Creation Myth

I. When We Were Angels

Maybe God died.
And a little bubble of spit began to rise from his cold lips.
And that was the world.

And we grew in a most scientifically viable way, as something like bacteria, on the ductile globe of film.

And we sensed, as we began to measure curvatures and things, that there was something beyond our bubble.

And some looked upward and outward into empty limitless space and imagined an empty limitless God, which is to say, no God, or if that strange finger of faith needs to quiver, a dead God.

And others looked inward and downward and thought they saw the vacuum of a huge throat not breathing, vague, refracted through the bubble, but there in the same sense that something is definitely something.

II. The Danger of Technology Is Proportional To the Danger of Ideas

Time passes.
And certain technologies allow us to leave God’s gravity and soar out into the expanse.
And certain other technologies allow us to penetrate, dissect, dismember with a pathologist’s skill.

And then, three geniuses come along and have between them a theory, a process, a harnessing of storm grief, which they say can reanimate the corpse of God.

Half the world says this is the best thing to do.
The other half says that as soon as God comes back to life, he will suck in a breath and the whole bubble will implode and burst.

The debate rages and dangerous technologies are stockpiled—every faction has its own Frankenstein machine.

And it is said that buttons could even accidentally be pushed.

III. The Writing Down In Words Makes It True

Then they who had gone off into limitless space return.
And they have found a diary (painstakingly interpreted from the hieroglyphics of some nebulae).

And although the pathologists grumble, it is read by everybody, and it appears that God, in utter, utter loneliness and no hope, no hope at all, swallowed some grim belladonna, some quiet gulp of hemlock to cure his case of suffering.

Because, as we understand all too well, a dream of belonging is like a tumor grown to behemoth proportions which we drag behind us.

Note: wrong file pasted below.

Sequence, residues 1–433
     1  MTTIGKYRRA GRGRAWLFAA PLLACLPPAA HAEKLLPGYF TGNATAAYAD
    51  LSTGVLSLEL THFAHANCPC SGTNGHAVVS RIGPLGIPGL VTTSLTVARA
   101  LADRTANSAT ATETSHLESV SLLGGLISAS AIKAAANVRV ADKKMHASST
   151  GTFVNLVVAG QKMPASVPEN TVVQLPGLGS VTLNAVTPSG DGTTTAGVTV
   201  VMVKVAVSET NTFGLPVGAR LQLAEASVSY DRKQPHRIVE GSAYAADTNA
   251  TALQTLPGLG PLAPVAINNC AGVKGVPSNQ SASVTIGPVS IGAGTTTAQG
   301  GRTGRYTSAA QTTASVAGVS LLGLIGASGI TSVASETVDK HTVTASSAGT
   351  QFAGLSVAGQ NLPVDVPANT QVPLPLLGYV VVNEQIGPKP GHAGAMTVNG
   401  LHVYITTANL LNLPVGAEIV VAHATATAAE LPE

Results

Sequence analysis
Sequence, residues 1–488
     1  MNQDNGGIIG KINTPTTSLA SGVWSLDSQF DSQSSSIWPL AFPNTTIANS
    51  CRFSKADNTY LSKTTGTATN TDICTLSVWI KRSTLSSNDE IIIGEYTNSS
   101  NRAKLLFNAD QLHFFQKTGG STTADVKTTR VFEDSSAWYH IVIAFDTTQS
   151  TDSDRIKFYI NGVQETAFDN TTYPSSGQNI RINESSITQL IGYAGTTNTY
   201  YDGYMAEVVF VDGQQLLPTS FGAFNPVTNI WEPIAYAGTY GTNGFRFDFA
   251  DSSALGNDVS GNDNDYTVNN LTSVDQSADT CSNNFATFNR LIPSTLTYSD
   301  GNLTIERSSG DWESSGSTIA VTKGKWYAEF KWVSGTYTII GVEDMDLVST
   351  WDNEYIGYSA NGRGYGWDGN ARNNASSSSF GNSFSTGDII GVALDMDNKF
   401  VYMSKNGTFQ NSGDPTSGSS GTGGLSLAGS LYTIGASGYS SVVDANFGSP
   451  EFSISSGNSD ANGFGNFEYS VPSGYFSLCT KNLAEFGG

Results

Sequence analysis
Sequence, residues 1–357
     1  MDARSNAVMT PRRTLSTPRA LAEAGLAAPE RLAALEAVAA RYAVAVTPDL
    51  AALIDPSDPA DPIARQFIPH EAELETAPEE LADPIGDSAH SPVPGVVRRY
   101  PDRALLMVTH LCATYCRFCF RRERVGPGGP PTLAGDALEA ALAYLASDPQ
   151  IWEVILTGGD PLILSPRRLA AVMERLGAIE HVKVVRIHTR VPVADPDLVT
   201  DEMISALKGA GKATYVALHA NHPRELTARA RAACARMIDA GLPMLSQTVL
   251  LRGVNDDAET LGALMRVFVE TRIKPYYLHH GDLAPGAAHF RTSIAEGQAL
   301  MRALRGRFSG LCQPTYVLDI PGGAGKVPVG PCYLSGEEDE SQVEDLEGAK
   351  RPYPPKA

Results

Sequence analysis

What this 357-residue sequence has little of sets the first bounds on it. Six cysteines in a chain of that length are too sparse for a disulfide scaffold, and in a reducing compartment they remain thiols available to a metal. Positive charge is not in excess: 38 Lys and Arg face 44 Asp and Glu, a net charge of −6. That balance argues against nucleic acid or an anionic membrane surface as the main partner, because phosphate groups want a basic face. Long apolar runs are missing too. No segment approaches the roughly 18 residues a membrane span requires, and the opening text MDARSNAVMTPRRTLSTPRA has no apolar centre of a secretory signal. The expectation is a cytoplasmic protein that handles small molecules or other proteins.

An instinct for death that slows and slows us.

And these tumors, enormous and callused on the bottoms, dream of being cut free.
And we dream of being cut free. And we dream of freeing them.

Because what grew without our will, will continue to grow without us when we are stilled, and will continue to drag itself when our dragging days are done and our cosmically insignificant libido has gone under.

At this time cosmic insignificance becomes quite popular.
And all out of sympathy with the book, that diary.

How noble that being, and as for us, how sad that we continue on, persist parasitically as the gooey side reaction of the tragedy of a genius.

Something about diaries has always been utterly convincing.

And enough button pushers are convinced of a version of salvation, an honorable redemption through audience participation.

And they push those buttons, and the buttons have been pushed.

And the storms are broken like rude but beautiful stallions, and their dangers milked by the breast pumps of our ingenuity.

IV. Science and Religion Unite: The Fall of Man

A shiver buzzes through God’s body
like a slender current.
And his mind feebly capsizes into life.

And the fatal breath is drawn.

And the bubble pops insignificantly like a thought vanishing from above the head of a cartoon character to designate to the audience an idea up in smoke, or maybe a lack of attention span, or a passing from the world of daydreams to a world of inevitable conclusions, inevitably disappointing.

We plummet into the mouth and are swallowed—all is moist, long-dead darkness.

V. Finally, a Justification for Literary Theory

While falling or sliding along